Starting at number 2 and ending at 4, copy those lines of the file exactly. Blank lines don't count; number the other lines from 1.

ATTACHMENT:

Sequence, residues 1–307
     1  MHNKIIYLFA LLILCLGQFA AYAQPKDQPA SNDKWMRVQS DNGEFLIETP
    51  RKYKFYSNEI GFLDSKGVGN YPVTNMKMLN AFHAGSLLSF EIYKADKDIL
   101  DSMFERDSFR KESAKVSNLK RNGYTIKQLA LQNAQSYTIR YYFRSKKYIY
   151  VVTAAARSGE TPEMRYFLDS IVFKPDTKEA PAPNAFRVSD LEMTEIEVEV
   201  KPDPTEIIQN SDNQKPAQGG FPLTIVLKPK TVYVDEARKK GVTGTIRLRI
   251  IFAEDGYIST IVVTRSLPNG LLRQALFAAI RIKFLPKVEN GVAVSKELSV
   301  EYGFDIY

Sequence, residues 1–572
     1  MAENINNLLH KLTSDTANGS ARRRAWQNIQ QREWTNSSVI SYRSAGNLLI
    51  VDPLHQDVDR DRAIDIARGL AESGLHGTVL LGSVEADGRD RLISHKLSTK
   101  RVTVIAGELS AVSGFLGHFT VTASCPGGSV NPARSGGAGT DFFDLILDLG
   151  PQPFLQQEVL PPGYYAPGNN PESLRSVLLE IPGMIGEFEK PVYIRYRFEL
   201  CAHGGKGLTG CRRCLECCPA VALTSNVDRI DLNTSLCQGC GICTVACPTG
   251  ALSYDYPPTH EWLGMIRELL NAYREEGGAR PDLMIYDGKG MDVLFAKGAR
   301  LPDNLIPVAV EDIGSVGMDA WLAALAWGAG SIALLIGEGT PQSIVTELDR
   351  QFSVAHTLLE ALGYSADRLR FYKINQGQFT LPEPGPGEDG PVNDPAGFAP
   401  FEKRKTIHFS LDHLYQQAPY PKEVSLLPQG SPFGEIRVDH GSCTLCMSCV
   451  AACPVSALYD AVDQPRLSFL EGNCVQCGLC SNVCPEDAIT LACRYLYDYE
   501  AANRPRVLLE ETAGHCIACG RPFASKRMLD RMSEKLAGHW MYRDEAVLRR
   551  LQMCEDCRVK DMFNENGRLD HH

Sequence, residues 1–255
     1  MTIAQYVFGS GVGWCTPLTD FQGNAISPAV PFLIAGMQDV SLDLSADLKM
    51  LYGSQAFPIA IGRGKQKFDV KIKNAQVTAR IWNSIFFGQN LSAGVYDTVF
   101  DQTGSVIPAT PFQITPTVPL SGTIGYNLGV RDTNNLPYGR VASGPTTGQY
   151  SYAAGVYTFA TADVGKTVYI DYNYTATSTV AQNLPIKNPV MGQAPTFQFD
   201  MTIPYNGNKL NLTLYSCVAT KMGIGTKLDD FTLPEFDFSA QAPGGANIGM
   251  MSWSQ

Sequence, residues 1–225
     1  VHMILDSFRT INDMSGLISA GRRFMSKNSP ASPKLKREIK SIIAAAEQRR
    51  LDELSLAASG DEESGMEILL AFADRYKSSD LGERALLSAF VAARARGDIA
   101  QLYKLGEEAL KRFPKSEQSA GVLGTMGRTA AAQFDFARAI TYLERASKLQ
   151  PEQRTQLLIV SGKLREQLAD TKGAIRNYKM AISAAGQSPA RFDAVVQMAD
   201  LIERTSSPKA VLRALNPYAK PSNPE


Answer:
     1  MHNKIIYLFA LLILCLGQFA AYAQPKDQPA SNDKWMRVQS DNGEFLIETP
    51  RKYKFYSNEI GFLDSKGVGN YPVTNMKMLN AFHAGSLLSF EIYKADKDIL
   101  DSMFERDSFR KESAKVSNLK RNGYTIKQLA LQNAQSYTIR YYFRSKKYIY